Tony Cliff’s new graphic novel, Delilah Dirk and the Turkish Lieutenant, is as rich and satisfying as a hot cup of tea. In combination with a cast of engaging characters and stunning landscapes, the straightforward story carries a certain level of comfort and nostalgia for past adventures—whether real or fictional. In the tradition of Tintin, Treasure Island, and Indiana Jones, Delilah Dirk provides enough adventure to last a lifetime.
In 19th century Turkey, Erdemoglu Selim, the Turkish lieutenant of the title and the reluctant protagonist of our tale, is so resigned to his less-than-ordinary lot, that he is even willing to die for the arbitrary set of rules surrounding him. He works middle management to the Agha of Constantinople and makes at least enough money to survive and indulge in artisan tea every now and then. His is a simple life, and if he’s not happy, he is at least content. Until, of course Delilah Dirk comes along.
Dirk swoops into Selim’s life with all the grace and certainty of a cat, which is truly a feat considering her position as a prisoner. Selim may be one of her captors, but she immediately likes him and seems to realize that he’s different from the rest (it is, perhaps, his tea—a great kindness and comfort in a prison cell). In a brief monologue delivered by Selim to his skeptical boss, we learn that Dirk “grew up traveling the world... she is the master of forty-seven different sword-fighting techniques… she is a high-ranking member of at least three royal courts… and she suggested that she is able (through some sort of mechanical or alchemical means, no doubt) to travel through the air.” The list goes on, to the visuals, unsurprisingly, of Dirk busting out of prison. When the angry, irrational Agha accuses Selim of conspiring with her, it becomes only logical for him to fall in step with Dirk. She saves his life and makes him realize, as quickly as she arrived on the scene, that he should seek a life worth living.
Selim sticks around at first under the guise of repaying a debt to Dirk. It’s the thought that counts in any case—he’s a bit awful at adventuring, unable as he is to tell port from starboard, he almost crashes Dirk’s flying boat more than once, and he’s inordinately clumsy for one of his station. If it bothers Dirk, though, she doesn’t complain (much—she does forbid him from flying the boat). Selim considers leaving her multiple times. In one heart-wrenching scene, Selim imagines in full what it might be like to leave his new friend in the dust and see her thrown in prison, with him sneering at her from above as her moral superior. He just can’t seem to get enough, though, and he trudges on.
If the battles, suspense, and near-death experiences weren’t enough to keep Selim around, the landscapes drawn by Tony Cliff certainly would be. They’re characters in and of themselves, open and honest and colorfully diverse. The wilderness directly contrasts to the courts in England that Dirk left behind, which she describes as “hot, sweaty, and the air stinks—candle wax, sweat, perfume—blech, and the jewelry and the fashion are a horrible game of one-upmanship… No one says what they mean and everyone pretends to be something they’re not.” But “not,” she says, “out here.” When Selim decides to stay behind in a small town and begin again a more provincial life, it is the wilderness that he begins to miss first, the newness of it, the unpredictability. His yearning to return to a life of swordfights and stolen gold is inevitable after that.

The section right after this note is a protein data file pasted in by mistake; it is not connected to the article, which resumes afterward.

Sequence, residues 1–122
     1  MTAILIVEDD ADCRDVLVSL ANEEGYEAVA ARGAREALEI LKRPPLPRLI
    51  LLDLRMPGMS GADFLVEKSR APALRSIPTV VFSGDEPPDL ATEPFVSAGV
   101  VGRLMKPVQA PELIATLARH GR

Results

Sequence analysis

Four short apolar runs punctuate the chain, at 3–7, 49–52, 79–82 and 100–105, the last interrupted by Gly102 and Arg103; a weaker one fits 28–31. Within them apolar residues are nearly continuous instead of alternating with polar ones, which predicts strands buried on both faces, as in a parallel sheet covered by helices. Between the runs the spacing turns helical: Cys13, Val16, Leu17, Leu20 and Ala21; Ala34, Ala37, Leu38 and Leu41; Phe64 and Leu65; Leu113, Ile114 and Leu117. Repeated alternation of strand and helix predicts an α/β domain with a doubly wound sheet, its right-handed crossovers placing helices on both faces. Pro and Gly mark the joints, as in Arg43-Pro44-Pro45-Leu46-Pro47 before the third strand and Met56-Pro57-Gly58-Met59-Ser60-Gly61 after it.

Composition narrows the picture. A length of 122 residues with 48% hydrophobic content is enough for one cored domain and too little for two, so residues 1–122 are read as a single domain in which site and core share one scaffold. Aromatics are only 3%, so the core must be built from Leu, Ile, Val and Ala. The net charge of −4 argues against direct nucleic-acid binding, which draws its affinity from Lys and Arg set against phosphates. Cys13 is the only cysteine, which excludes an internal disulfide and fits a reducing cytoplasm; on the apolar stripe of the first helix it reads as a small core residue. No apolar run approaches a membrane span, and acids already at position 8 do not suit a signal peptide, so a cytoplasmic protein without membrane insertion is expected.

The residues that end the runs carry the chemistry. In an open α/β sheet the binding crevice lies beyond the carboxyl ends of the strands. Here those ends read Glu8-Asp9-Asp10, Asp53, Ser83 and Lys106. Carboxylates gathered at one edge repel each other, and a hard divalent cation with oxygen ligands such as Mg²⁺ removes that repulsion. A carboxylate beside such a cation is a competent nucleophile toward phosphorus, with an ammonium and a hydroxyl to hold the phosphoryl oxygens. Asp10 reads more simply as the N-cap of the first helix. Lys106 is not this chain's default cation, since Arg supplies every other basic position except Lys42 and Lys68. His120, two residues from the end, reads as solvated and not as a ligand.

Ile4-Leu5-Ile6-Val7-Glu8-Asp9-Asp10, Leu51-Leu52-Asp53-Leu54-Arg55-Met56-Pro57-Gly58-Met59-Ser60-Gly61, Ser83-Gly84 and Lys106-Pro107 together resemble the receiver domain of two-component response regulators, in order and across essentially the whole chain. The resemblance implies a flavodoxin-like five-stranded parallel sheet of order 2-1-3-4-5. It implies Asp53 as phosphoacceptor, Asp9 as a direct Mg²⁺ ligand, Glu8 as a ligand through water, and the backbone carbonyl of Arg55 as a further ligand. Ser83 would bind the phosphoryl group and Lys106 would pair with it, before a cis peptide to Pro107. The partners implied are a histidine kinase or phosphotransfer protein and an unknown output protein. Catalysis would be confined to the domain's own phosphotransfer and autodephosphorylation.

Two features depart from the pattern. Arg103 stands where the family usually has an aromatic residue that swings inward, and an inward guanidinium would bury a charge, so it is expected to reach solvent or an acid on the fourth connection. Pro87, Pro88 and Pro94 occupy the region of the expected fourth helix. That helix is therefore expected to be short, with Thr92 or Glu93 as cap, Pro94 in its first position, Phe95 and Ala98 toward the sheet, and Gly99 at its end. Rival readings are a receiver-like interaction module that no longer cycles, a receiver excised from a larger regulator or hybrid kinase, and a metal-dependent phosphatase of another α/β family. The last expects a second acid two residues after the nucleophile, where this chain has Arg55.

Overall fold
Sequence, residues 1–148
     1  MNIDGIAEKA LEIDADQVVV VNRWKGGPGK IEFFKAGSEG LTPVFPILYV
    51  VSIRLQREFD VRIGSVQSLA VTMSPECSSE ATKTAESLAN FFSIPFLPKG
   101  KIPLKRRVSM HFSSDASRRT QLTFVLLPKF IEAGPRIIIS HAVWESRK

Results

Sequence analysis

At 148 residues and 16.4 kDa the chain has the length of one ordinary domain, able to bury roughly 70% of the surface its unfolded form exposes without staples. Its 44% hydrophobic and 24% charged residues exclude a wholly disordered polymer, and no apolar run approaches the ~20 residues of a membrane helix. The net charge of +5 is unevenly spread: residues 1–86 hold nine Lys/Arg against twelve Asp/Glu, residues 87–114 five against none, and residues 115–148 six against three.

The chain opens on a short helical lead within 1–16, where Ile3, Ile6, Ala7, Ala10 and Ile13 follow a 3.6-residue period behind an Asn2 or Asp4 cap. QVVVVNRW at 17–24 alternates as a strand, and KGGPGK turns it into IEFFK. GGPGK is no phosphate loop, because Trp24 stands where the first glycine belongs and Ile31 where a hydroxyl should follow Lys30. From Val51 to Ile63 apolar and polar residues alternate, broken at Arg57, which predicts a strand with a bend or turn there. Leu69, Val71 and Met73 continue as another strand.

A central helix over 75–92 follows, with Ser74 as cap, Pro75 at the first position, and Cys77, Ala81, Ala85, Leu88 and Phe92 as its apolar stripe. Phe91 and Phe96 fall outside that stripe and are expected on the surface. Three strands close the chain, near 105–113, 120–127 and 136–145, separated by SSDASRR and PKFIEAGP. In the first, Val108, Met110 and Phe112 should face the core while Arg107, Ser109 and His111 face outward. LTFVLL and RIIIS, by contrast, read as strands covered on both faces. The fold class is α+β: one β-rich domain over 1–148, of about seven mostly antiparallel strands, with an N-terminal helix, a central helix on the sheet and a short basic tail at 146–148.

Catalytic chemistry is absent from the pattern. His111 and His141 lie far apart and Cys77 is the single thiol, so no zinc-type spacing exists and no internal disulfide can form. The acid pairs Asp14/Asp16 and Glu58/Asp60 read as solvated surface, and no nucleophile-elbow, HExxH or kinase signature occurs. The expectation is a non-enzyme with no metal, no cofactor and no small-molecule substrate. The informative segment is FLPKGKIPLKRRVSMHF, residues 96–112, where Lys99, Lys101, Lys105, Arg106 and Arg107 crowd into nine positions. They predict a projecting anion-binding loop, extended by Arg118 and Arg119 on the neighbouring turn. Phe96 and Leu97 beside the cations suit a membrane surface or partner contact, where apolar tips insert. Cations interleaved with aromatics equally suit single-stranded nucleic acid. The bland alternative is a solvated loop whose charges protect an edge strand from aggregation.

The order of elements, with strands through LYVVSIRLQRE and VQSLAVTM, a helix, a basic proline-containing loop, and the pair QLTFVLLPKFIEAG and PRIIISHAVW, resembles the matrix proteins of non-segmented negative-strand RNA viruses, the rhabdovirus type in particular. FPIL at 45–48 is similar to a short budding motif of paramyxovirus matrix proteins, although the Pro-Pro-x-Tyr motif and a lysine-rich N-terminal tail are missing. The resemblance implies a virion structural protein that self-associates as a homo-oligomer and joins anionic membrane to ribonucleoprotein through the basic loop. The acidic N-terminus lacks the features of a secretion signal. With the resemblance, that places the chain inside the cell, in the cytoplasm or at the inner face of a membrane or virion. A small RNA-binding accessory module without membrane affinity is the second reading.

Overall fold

All of Cliff’s artwork—landscape and character alike—is powerful. He doesn’t waste a single line. He uses visuals often, too, to build up contradictions and irony in the character’s speech; entire scenes will take place wherein the narration is the exact opposite of the action being performed. This works perfectly with both protagonists’ struggle to find sincerity and happiness in their lives. Selim, for instance, creates a lot of distractions for himself before Dirk comes around, including the use of absurd, loquacious speech. It gives him some semblance of power over his situation. But, he all but stops such monologues once he is living more honestly—the artwork of his surroundings completely overpowers his need to define it with words.
To be honest, I am a bit in love with Selim. Dirk is amazing too, of course—she takes shit from no one and has impossible, awe-inspiring hair— and Selim could not have lived up to his potential as a character without her. He is, though, his own type of amazing; he keeps in step with Dirk with barely a quarter of her skill and still cares more about finding spices for his food than about finding the actual food. He’s all about the simple things, and he never once pretends otherwise. I was at first frustrated by the book’s title—Selim is the main character! He’s so much more than his vocation! But then I realized that Cliff was using the same irony in the title that he does within the novel’s pages. Selim may think of himself as a Turkish lieutenant and little else, but the readers—and Delilah Dirk—know it’s all a farce. Selim is a badass.
You can check Delilah Dirk out online here, but I encourage you to buy the book as well, not only because it will support the publication of a second volume, but also because it is a great art piece to own. I’ve reread it three times now, and continue each time to delight in the nuanced facial expressions and contrasting colors (green dots the cities but erupts out of the countryside, and the explosions look like fireworks).
Tony Cliff created an amazing set of travel posters to accompany his series, and they, in combination with the book itself, have me more than ready to embark on my next great adventure.
Now I just need a tour guide as fabulous as Delilah Dirk.
Emily Nordling is a tea drinker in Chicago, IL, and most of her adventures are lived vicariously through books.